_http://www.public-action.com/SkyWriter/WacoMuseum/library/martin1.html

Strong, credible allegations of high-level criminal activity can bring
down a government. When the government lacks an effective, fact-based
defense, other techniques must be employed. The success of these techniques
depends heavily upon a cooperative, compliant press and a mere token
opposition party.

1 Dummy up. If it's not reported, if it's not news, it didn't happen.

2 Wax indignant. This is also known as the "How dare you?" gambit.

3 Characterize the charges as "rumors" or, better yet, "wild rumors." If,
in spite of the news blackout, the public is still able to learn about the
suspicious facts, it can only be through "rumors." (If they tend to believe
the "rumors" it must be because they are simply "paranoid" or "hysterical.")

4 Knock down straw men. Deal only with the weakest aspects of the weakest
charges. Even better, create your own straw men. Make up wild rumors (or
plant false stories) and give them lead play when you appear to debunk all
the charges, real and fanciful alike.

5 Call the skeptics names like "conspiracy theorist," "nutcase," "ranter,"
"kook," "crackpot," and, of course, "rumor monger." Be sure, too, to use
heavily loaded verbs and adjectives when characterizing their charges and
defending the "more reasonable" government and its defenders. You must then
carefully avoid fair and open debate with any of the people you have thus
maligned. For insurance, set up your own "skeptics" to shoot down.

6 Impugn motives. Attempt to marginalize the critics by suggesting
strongly that they are not really interested in the truth but are simply
pursuing a partisan political agenda or are out to make money (compared to
over-compensated adherents to the government line who, presumably, are not).

7 Invoke authority. Here the controlled press and the sham opposition can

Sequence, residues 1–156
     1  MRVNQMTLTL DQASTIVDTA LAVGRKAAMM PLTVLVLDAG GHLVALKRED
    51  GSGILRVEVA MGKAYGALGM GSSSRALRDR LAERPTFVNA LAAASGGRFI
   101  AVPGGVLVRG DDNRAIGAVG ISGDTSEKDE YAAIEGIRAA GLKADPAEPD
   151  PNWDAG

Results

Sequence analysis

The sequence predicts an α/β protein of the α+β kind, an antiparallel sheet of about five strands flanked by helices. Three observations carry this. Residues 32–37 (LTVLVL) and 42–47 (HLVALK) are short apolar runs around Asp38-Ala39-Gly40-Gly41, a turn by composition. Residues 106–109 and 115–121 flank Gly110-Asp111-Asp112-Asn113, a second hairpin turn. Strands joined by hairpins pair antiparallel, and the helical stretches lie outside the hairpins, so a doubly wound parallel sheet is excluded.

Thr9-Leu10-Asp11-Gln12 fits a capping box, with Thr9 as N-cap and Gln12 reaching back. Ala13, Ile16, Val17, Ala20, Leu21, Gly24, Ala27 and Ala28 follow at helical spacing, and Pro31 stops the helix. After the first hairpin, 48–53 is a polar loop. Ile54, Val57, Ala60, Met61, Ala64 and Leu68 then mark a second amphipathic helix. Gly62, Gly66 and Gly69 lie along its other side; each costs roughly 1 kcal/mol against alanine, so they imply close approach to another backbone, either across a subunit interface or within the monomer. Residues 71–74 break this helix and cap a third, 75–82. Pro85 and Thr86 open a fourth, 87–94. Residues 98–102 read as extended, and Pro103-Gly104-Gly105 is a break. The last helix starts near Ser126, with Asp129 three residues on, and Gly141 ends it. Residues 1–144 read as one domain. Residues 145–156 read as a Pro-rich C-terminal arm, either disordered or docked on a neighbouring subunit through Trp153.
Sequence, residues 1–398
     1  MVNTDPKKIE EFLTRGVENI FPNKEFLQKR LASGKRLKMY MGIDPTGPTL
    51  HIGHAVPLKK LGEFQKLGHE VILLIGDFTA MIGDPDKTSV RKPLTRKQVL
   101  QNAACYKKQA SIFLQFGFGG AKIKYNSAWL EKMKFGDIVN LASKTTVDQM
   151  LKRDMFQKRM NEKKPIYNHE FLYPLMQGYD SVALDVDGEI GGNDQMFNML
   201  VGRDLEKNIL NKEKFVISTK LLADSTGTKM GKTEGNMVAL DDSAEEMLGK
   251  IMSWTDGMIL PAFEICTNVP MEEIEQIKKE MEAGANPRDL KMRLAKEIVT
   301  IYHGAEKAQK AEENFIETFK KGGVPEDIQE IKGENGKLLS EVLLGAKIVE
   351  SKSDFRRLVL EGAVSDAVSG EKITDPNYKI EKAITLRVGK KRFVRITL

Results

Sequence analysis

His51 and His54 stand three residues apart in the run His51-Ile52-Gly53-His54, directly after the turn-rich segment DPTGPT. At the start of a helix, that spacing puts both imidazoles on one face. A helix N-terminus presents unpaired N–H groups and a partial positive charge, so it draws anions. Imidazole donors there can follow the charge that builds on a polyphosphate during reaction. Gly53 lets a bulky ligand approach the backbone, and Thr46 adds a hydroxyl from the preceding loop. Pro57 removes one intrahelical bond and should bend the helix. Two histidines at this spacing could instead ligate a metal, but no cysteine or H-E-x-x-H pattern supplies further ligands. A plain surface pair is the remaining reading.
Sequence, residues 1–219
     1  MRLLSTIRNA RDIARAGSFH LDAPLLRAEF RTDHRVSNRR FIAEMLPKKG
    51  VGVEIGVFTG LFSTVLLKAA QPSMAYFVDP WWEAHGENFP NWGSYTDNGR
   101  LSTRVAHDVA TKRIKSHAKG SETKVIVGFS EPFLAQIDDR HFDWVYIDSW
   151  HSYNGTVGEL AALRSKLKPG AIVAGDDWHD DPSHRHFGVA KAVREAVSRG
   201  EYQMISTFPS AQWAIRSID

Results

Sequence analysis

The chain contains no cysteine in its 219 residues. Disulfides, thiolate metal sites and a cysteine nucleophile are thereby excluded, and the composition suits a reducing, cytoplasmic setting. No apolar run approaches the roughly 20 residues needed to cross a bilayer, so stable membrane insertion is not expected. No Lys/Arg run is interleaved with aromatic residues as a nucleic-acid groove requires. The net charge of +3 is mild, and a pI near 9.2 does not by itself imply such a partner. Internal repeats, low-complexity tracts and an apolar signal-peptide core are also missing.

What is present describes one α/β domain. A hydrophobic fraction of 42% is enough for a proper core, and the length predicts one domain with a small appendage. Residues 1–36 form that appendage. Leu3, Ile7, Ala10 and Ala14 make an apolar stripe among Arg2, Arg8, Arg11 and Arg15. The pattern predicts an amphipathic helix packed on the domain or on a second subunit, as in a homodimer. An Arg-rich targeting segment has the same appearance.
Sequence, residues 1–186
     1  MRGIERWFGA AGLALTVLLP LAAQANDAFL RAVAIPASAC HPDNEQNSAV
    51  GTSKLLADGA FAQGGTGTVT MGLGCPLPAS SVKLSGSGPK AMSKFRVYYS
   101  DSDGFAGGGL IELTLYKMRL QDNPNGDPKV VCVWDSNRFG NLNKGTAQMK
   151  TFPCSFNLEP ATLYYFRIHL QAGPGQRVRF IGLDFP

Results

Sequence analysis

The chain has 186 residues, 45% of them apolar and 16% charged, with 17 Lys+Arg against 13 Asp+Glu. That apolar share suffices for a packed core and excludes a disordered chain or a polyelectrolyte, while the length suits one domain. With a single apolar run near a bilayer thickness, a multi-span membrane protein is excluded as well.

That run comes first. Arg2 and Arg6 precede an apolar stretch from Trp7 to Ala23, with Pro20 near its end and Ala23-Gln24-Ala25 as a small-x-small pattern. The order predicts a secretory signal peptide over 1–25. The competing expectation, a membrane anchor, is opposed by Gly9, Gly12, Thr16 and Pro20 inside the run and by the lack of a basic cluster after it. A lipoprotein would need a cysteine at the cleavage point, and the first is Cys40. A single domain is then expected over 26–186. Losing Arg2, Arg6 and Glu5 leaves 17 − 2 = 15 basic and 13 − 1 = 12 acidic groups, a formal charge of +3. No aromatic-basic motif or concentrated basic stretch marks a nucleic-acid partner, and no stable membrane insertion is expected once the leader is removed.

be very useful.

8 Dismiss the charges as "old news."

9 Come half-clean. This is also known as "confession and avoidance" or
"taking the limited hangout route." This way, you create the impression of
candor and honesty while you admit only to relatively harmless,
less-than-criminal "mistakes." This stratagem often requires the embrace of
a fall-back position quite different from the one originally taken. With
effective damage control, the fall-back position need only be peddled by
stooge skeptics to carefully limited markets.

10 Characterize the crimes as impossibly complex and the truth as
ultimately unknowable.

11 Reason backward, using the deductive method with a vengeance. With
thoroughly rigorous deduction, troublesome evidence is irrelevant. E.g. We
have a completely free press. If evidence exists that the Vince Foster
"suicide" note was forged, they would have reported it. They haven't
reported it so there is no such evidence. Another variation on this theme
involves the likelihood of a conspiracy leaker and a press who would report
the leak.

12 Require the skeptics to solve the crime completely. E.g. If Foster was
murdered, who did it and why?

13 Change the subject. This technique includes creating and/or publicizing
distractions.

14 Lightly report incriminating facts, and then make nothing of them. This
is sometimes referred to as "bump and run" reporting.

15 Baldly and brazenly lie. A favorite way of doing this is to attribute
the "facts" furnished the public to a plausible-sounding, but anonymous,
source.

16 Expanding further on numbers 4 and 5, have your own stooges "expose"
scandals and champion popular causes. Their job is to pre-empt real
opponents and to play 99-yard football. A variation is to pay rich people
for the job who will pretend to spend their own money.

17 Flood the Internet with agents. This is the answer to the question,
"What could possibly motivate a person to spend hour upon hour on Internet
news groups defending the government and/or the press and harassing genuine
critics?" Don't the authorities have defenders enough in all the
newspapers, magazines, radio, and television? One would think refusing to
print critical letters and screening out serious callers or dumping them
from radio talk shows would be control enough, but, obviously, it is not.
 

domi

The Living Force
FOTCM Member
Seventeen Techniques for Truth Suppression

Laura said:
8 Dismiss the charges as "old news."
Also "historical revisionism" is used instead.
 

NormaRegula

SuperModerator
Moderator
FOTCM Member
Seventeen Techniques for Truth Suppression

5 Call the skeptics names like "conspiracy theorist," "nutcase," "ranter,"
"kook," "crackpot," and, of course, "rumor monger."
In my neck of the woods, the local (owned) media calls an individual who has stood up to the obvious corruption between builders/bankers/corporate wineries and county/city politicians as a "gadfly," insinuating that the person spearheading any movement or information against the PTB is a flighty flake...as are his/her followers.